While a district court must calculate the lodestar, it is not “conclusive in all circumstances.” Perdue, 130 S.Ct. at 1673. A district court may adjust the lodestar when it “does not adequately take into account a factor that may properly be considered in determining a reasonable fee.” Id. However, such adjustments are appropriate only in “rare circumstances,” because the “lodestar figure [already] includes most, if not all, of the relevant factors constituting a reasonable attorney's fee.” Id. (internal quotation marks omitted). For example, a court may not adjust the lodestar based on factors already included in the lodestar calculation itself because doing so effectively double-counts those factors. Instead, the lodestar can be adjusted only by factors relevant to the determination of reasonable attorneys' fees that were not already considered in the initial lodestar calculation. The district court erred by adjusting the initial $144,792 figure—which is presumably the lodestar—by several factors.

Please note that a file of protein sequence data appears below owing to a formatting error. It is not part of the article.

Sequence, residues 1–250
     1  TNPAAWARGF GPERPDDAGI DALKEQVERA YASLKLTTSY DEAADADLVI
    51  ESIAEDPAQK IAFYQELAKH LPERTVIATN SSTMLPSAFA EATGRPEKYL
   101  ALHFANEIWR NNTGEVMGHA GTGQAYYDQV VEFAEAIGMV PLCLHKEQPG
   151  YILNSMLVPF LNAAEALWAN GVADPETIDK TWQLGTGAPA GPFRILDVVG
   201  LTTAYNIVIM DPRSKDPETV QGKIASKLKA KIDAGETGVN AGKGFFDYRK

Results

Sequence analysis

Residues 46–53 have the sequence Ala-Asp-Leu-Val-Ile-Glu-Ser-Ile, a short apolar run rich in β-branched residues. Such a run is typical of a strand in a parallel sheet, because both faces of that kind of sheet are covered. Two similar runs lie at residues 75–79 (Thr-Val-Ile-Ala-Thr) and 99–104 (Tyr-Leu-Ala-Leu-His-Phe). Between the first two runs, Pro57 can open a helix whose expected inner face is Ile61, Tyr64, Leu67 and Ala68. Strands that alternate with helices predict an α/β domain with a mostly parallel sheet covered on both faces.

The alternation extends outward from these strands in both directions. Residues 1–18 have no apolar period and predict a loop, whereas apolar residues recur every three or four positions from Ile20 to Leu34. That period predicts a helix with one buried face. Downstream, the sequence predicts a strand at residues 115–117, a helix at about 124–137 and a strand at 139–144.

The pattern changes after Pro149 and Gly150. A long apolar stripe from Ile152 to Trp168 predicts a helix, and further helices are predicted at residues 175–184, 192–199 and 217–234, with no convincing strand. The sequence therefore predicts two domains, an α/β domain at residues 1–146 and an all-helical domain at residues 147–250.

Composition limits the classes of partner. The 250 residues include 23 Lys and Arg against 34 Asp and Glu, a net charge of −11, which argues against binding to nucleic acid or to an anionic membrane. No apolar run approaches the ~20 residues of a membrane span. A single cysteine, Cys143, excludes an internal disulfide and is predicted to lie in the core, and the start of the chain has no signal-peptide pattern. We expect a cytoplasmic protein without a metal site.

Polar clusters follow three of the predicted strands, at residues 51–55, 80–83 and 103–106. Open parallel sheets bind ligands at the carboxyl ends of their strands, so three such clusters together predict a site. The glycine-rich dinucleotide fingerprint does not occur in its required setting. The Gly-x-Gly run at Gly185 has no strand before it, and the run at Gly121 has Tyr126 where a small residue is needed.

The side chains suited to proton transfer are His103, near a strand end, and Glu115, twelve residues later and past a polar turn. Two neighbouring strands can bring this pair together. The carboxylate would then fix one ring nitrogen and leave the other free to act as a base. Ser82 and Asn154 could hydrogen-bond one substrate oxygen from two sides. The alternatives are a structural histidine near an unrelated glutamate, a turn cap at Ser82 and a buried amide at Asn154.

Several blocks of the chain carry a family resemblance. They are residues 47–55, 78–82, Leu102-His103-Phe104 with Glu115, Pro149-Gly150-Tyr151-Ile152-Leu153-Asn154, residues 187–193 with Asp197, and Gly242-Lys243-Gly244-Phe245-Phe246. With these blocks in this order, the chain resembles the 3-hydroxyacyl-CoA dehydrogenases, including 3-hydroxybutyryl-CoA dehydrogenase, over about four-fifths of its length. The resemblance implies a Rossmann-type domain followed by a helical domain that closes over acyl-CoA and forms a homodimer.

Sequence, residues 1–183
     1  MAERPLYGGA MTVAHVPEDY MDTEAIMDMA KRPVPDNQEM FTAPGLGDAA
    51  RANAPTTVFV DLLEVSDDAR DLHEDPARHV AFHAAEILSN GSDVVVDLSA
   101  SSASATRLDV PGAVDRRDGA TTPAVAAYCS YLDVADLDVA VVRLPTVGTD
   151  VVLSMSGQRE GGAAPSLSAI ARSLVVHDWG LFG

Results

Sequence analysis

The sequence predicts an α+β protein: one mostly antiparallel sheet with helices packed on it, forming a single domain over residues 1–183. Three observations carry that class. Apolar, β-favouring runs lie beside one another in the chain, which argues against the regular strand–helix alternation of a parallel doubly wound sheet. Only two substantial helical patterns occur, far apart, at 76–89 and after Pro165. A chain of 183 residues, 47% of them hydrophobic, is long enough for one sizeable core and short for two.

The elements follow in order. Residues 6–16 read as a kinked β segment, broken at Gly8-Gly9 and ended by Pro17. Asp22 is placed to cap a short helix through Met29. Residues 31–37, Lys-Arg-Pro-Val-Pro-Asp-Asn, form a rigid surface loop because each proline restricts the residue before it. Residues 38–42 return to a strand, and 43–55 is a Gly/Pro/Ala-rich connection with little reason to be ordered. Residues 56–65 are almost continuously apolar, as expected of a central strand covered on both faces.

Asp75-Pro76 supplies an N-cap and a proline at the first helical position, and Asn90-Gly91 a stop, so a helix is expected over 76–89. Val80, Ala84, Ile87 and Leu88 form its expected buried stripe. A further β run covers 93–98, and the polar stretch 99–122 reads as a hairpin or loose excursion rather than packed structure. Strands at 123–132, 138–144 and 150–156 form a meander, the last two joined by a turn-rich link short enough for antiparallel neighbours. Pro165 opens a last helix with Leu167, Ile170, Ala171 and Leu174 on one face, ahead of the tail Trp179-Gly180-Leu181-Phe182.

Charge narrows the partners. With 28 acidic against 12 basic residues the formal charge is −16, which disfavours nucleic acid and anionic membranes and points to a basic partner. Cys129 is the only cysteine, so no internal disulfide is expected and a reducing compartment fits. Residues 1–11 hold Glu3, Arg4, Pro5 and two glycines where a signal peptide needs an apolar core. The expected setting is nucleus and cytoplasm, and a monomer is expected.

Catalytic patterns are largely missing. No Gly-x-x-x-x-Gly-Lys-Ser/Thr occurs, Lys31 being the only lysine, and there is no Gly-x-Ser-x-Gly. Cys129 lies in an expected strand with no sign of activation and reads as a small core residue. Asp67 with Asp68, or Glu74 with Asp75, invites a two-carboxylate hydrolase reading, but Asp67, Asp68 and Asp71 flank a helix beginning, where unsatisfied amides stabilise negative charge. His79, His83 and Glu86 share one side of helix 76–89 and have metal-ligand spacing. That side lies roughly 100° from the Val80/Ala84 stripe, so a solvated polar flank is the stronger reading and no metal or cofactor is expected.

First, the district court reduced its initial figure because it concluded Millea's case was not particularly complicated and “did not involve any novel legal issues significant to the legal community.” Millea, 2010 WL 126186, at *5. “[T]he novelty and complexity of a case generally may not be used as a ground for [adjusting the lodestar]” because they are already included in the lodestar calculation itself, being “fully reflected in the number of billable hours recorded by counsel.” Perdue, 130 S.Ct. at 1673 (internal quotation marks and bracket omitted). Thus, while a district court may not adjust the lodestar based on these factors, it may use them to determine the reasonable number of hours the case requires. That is a permissible consideration and one that a trial judge is particularly well-situated to evaluate.